"Throw it at the audience: warts and all!"
"Play anything you like."
"If they complain, never mind."
The above statements (from a Radio 3 interview) provide a significant insight into why two pianists, Zoe Rahman and David Rees-Williams, have become highly gifted improvisers: one of the secrets is to be uninhibited and able to express and share musical ideas "in the moment" as they form in the mind, appear upon the keyboard and begin sounding in the air.
This uninhibited expressing and sharing is not something all musicians can do. I recall one highly skilled professional orchestral violinist telling me that the mere thought of improvising in front of people filled her with dread: her training and musical conditioning inhibiting her own spontaneous creativity in favour of the rehearsed creativity of others.
Horses for courses and different musicians for performing different music.
But for those of us who need to contribute new and creative ideas (be these musical or otherwise), it is essential to marry our foundational knowledge, training and expertise with spontaneity of action.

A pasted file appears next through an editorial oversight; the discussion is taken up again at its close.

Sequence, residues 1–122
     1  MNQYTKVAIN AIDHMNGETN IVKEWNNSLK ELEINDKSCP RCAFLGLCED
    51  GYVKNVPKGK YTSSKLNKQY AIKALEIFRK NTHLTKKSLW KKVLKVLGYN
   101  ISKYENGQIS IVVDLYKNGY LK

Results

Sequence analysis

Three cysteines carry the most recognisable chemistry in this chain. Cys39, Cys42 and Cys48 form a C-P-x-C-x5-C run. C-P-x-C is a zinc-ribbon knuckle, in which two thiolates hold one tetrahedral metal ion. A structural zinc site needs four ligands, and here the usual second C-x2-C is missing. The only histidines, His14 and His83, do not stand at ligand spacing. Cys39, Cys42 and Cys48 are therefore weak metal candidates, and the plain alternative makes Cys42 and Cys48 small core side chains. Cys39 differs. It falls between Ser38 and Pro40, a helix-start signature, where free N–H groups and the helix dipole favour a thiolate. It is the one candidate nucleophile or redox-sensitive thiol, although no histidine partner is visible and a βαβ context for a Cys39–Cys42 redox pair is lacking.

The influence of our knowledge, training and expertise (our towering protective shadow of the tried, tested and sensible) can implore us to carefully rehearse our contributions before offering them.
This is often, of course, very beneficial. But habitual rehearsal can cause us to express and share ideas devoid of spontaneity: ideas that are shot through with and weakened by apparently sensible qualifications and "hedging our bets" second thoughts.
And it is these weakened ideas that people hear and, like an audience listening to a musician performing a "better safe than sorry" improvisation, quickly forget.
Rather than always perceiving your knowledge, training and expertise as a protective shadow of the tried and tested, occasionally try using them as a firm foundation from which you can launch new and creative ideas: share your ideas, warts and all; say anything you like in the way you like; if people complain, never mind (because this is better than having your ideas ignored and forgotten).